(edited to remove duplication)


I know you specifically asked about Arabs, but you said PREs are more your thing. Have you considered a mustang? You don’t have to get a feral one like I did LOL. I marvel watching him play out in the pasture, his lateral work is going to be fabulous one day.

I guess I have a one-off story. Arabs were my breed of choice for years. Then I stumbled into dressage. I had a gorgeous PB that moved beautifully, but had a career-ending hing leg injury. Then I came across an Arab/Andy cross in the yard of a dealer. Breeding nobody would know, but double registered, 2+ year old.

With the great help of my trainer, he went to PSG and I1, got me my Bronze and Silver. He went to Young Riders on a lease and went on to win Silver medals for two more owners, and several of their students before he passed away last year. He was so beloved by anyone that met him.

So yes, I also think Arabians can do dressage. I am not sure I would accept a lateral canter, but I’ve never tried to fix one. My daughter went WP route, and a lot of those horses seemed to be trained into a lateral canter. But that has also been years ago and I haven’t been to an Arabian show in years.

I did enjoy SHN and qualifying at Arab shows - who have all the same judges as an Open show.

I love Arabs. My daughter had a 1/2 Arab by Rosenthal that was/is just stunning. A severe injury as a yearling has kept her to only light riding.

Like you, though, I have moved on to Iberian horses, mostly because they have more size and are more specifically bred for collection. I still love the Arabs.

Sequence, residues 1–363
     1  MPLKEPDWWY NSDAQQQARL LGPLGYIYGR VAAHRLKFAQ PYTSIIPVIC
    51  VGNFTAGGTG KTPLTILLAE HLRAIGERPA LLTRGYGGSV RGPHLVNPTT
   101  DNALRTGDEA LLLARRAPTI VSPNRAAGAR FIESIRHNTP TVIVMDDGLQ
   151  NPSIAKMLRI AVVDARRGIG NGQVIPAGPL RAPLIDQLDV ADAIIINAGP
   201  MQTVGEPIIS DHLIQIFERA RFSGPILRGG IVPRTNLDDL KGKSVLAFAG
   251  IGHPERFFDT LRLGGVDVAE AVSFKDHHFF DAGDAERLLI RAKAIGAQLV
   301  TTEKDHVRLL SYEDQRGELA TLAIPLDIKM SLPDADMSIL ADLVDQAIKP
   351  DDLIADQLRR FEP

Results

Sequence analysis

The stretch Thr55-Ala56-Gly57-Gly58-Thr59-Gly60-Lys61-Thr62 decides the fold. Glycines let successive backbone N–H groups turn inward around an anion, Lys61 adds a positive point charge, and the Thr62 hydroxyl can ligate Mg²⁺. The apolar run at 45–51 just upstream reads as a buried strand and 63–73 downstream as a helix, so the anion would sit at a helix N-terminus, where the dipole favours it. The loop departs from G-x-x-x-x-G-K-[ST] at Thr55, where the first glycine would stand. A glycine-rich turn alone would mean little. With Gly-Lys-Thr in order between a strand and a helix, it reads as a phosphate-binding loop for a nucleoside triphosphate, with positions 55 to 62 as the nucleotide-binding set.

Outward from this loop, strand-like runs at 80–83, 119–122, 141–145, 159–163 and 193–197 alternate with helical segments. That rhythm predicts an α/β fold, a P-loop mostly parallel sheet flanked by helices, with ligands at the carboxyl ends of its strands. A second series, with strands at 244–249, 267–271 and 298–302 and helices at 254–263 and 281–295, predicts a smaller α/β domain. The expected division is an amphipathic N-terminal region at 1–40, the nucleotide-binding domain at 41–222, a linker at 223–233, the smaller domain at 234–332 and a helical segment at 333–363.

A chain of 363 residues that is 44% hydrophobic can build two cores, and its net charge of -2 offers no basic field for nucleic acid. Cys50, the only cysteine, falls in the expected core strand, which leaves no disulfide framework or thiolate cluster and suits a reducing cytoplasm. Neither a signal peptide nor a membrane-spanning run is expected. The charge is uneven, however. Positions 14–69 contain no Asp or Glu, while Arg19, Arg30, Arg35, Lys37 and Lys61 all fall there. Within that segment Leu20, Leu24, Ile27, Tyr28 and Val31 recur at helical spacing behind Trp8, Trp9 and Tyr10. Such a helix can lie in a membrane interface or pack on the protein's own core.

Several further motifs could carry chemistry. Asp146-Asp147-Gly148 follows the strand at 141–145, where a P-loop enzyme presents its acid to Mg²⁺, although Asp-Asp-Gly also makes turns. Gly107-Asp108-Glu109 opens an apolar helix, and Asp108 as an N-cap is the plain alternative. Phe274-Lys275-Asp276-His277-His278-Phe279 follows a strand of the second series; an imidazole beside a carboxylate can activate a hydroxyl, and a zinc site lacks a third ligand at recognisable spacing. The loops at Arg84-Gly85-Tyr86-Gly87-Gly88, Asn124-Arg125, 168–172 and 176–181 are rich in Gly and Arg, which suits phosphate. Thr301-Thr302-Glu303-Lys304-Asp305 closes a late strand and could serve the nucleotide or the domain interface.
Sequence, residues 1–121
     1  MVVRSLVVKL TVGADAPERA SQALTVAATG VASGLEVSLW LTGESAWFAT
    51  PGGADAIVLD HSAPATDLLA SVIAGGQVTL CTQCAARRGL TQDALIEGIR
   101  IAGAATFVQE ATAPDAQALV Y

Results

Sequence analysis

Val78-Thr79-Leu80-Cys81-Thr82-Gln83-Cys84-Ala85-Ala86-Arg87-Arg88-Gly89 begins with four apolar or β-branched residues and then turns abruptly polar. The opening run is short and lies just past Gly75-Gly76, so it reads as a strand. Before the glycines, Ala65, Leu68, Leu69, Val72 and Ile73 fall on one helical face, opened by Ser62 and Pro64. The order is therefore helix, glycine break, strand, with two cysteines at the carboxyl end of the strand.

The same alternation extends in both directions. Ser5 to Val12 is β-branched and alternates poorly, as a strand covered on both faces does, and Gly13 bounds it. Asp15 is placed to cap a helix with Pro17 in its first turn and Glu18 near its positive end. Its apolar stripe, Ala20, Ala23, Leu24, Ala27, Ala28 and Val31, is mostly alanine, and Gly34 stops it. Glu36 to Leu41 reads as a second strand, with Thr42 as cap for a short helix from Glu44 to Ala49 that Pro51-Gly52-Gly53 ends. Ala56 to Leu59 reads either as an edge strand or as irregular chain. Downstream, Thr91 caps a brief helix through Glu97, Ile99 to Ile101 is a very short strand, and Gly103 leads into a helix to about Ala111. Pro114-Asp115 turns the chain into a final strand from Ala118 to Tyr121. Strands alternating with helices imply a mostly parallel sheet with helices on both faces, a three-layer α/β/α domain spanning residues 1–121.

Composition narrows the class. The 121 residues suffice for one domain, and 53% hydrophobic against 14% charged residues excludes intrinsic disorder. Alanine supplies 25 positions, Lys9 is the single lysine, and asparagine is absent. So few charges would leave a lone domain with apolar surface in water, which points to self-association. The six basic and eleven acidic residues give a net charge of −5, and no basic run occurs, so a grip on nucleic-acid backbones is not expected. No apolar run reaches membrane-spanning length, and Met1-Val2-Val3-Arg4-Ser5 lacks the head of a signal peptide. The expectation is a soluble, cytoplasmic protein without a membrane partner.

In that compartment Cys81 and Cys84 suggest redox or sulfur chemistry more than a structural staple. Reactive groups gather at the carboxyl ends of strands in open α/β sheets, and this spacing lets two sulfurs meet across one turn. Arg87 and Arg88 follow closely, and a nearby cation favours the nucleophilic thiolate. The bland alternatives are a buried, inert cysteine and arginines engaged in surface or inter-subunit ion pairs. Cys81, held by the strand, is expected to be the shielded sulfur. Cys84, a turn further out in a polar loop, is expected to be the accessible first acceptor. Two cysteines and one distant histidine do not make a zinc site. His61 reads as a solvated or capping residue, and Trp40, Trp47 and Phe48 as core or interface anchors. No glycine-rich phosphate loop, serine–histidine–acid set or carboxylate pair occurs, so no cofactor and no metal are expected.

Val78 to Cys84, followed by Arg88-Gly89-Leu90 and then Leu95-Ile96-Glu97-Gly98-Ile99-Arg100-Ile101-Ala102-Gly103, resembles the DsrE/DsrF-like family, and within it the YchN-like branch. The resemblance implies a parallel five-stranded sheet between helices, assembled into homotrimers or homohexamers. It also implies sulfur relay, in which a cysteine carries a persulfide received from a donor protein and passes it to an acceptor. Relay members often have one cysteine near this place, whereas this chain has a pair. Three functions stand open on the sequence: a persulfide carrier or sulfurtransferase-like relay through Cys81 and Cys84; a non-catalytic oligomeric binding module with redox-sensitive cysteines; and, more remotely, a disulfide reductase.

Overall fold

Yes, but an Arabian will keep a dressage rider far more “honest” with her hands than will another breed.

I own a half Arabian (other half is Westfalen) and a tall purebred who was a bit tortured by his trainers before he came to me. They don’t curl if you don’t ride them ham-handedly. That said, their curling will tell you if some other horses had allowed you to be ham-handed. Oh, and I used to ride a National Show horse who was a curler. It took me a long time to fix, but it can be done.

IMO, Arabians can be a tad weak in the base of the neck and the thoracic sling, so you cannot ride them in a way that curls them behind the bit if you want to do any dressage. Like I say, they will make you very accurate and honest with your hands.


I would love to find a cross like that. No such luck so far.

@mvp I know the importance of out, down or up. My Lusitanos have taught me to keep my hands forward better than any instructor could have. I think the most important thing for me looking at any breed is going to be functional conformation. There are good and bad representatives for every breed.